Aussie shares hit a pandemic-era high as a rebound in commodity prices boosted the heavyweight miners and Victoria recorded four new local coronavirus cases.
The S&P/ASX 200 surged 74 points or 1.05 per cent towards its sixth gain in seven sessions. The index hit a morning peak at 7183.4, just shy of last February’s intraday peak of 7197.2.
Rio Tinto, BHP and Woodside Petroleum spearheaded the charge following strong gains in industrial metals and crude. Afterpay and utilities were among the drags as bond yields leaped higher.
What’s driving the market
The materials sector climbed almost 2 per cent to its highest in more than a week after strong US economic data bolstered optimism about the outlook for raw materials. Copper, aluminium and nickel gained between 2.4 and 3.5 per cent overnight on the London Metal Exchange. US crude hit its highest level since October 2018.
Miners rebounded after backing off record levels earlier this month as China intensified its war on surging commodity prices. BHP bounced 3.02 per cent. Rio Tinto rose 2.91 per cent, Fortescue Metals 0.56 per cent and South32 5.63 per cent. Nickel miner IGO gained 4.93 per cent, Whitehaven Coal 4.56 per cent and Mineral Resources 4.33 per cent.
Buying interest was sharpened by the looming month-end. Bonus-dependent institutional investors have an incentive to push the index as high as they can before Monday’s close. The ASX 200 has put on around 2 per cent this month and was on track for its 13th advance in the 14 months since the pandemic bottom.
Also helping sentiment was news Victoria record just four new local Covid-19 cases in the last 24 hours as the state returned to lockdown. The drop in cases from 11 the previous day raised hopes the current breakout can be contained.
“The local share market appears to be demonstrating considerable resilience, weathering reports of fresh lockdown introduced in Victoria as authorities struggle to control a highly infectious outbreak. It seems that investors have gradually learned to live with breakouts, considering the recent surge in cases as a temporary or transitory phase,” Kalkine Group CEO Kunal Sawhney said.
Overnight, the S&P 500 inched up 0.12 per cent as strong GDP and labour market data boosted industrials and other sectors tied to the economy. The Dow put on 0.41 per cent.
“Another batch of economic data bolstered investors’ sentiments, confirming the US economic recovery from the COVID-19 pandemic is moving well on track,” Mr Sawhney said. “Equity bulls cheered the US economy comeback as new filings for jobless benefits slid lower for the fourth straight week and the economy posted robust GDP growth of 6.4% in the first quarter, unrevised from the initial government estimate.”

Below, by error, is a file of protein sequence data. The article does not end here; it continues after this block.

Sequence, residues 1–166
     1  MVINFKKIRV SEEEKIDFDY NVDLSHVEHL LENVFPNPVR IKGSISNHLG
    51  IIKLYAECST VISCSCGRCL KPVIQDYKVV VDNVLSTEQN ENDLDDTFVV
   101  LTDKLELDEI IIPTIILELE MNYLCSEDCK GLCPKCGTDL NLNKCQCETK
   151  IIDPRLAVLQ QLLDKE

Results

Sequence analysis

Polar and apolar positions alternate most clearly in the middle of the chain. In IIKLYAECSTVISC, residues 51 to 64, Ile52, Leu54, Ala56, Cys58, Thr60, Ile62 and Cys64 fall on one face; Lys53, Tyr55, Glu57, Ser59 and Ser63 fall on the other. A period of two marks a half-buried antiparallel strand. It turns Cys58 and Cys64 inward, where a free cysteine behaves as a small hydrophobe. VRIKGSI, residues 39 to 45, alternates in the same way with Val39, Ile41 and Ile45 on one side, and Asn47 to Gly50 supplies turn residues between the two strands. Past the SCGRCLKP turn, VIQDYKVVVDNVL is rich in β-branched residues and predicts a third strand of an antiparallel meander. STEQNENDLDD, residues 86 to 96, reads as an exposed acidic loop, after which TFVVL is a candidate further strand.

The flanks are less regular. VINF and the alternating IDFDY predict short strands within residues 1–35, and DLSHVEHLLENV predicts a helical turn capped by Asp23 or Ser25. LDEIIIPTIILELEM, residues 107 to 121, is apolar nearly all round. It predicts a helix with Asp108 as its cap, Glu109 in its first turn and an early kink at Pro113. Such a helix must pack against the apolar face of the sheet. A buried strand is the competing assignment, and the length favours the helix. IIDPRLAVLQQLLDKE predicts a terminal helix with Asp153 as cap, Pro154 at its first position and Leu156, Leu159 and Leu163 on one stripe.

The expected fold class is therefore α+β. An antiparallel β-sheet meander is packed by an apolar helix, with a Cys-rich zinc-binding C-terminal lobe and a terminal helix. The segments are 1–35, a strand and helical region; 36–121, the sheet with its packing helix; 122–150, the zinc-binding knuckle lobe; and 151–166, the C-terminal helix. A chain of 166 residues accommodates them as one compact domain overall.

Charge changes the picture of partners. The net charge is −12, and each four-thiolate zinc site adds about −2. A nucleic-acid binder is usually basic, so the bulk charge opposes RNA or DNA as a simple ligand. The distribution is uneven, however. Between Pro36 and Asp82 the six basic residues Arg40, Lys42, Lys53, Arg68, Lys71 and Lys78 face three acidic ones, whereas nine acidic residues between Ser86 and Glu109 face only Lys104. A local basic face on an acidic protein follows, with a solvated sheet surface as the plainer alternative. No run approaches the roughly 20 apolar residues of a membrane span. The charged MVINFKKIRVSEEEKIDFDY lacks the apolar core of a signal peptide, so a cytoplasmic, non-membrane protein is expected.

US futures strengthened ahead of the last session before the Memorial Day long weekend. S&P 500 futures rallied 12 points or 0.3 per cent.
Industrial giants Transurban and Brambles helped lift the sector to its highest in more than two weeks amid optimism about the improving outlook for the global economy. Toll road operator Transurban climbed 2.12 per cent. Supply-chain logistics specialist Brambles gained 1.49 per cent.
Woodside Petroleum advanced 1.77 per cent as the energy sector pushed further off six-month lows. Oil Search put on 2.88 per cent, Santos 2.45 per cent and Beach Energy 1.39 per cent.
The big four banks put on between 0.88 and 1.1 per cent.
A profit upgrade propelled poultry king Ingham’s 10.03 per cent to the top of the index. The company said full-year earnings “may exceed” and statutory profit “may materially exceed” the market consensus.
Real estate listings firm Domain Holdings rose 4.08 per cent after confirming it was part of a consortium exploring acquiring an interest in the property settlement platform PEXA. Link Administration, which holds a 44.2 per cent in the target, rose 4.05 per cent.
Tabcorp jumped 2.67 per cent to a three-year high after BetMakers lobbed a $4 billion bid for the group’s Wagering and Media business. Tabcorp said its board had not yet formed a view on the offer, which consisted of around $1 billion in cash and $3 billion in shares. BetMakers shares dived 11.56 per cent.
A jump in bond yields weighed on growth stocks. The yield on ten-year Australian government bonds bounced almost six basis points this morning to 1.643 per cent following a similar move in the US overnight. WiseTech fell 2.19 per cent, Nearmap 2.17 per cent and Afterpay 1.11 per cent. Nuix slumped 4.51 per cent after announcing it had parted ways with co-founder Tony Castagna.
The utilities sector, which attracts funds when yields weaken, was the morning’s worst performer, falling 0.43 per cent. APA Group shed 0.65 per cent. Mercury NZ lost 5.61 per cent.
A slump in global almond prices knocked grower Select Harvests‘ half-year profit down 92.5 per cent to $1.3 million. Earnings tumbled 62.9 per cent despite a 21.5 per cent increase in the size of the company’s crop. The share price slid 5.2 per cent.
“As anticipated, lower global almond prices have negatively impacted earnings, delivering a first half financial result well below recent prior periods,” Paul Thompson, Managing Director, said. “The company remains focused on factors within its control such as almond volume, quality and operational costs.”
CSR dropped 5.44 per cent as it traded without the right to a dividend.
The Asia Dow firmed 1.24 per cent. China’s Shanghai Composite advanced 0.02 per cent, Hong Kong’s Hang Seng 0.28 per cent and Japan’s Nikkei 2.03 per cent.
Oil developed good momentum overnight and continued higher this morning. Brent crude rallied 19 cents or 0.27 per cent to US$69.39 a barrel.
Gold dipped $1.10 or 0.06 per cent to US$1,897.40 an ounce.
The dollar inched up 0.02 per cent to 77.44 US cents.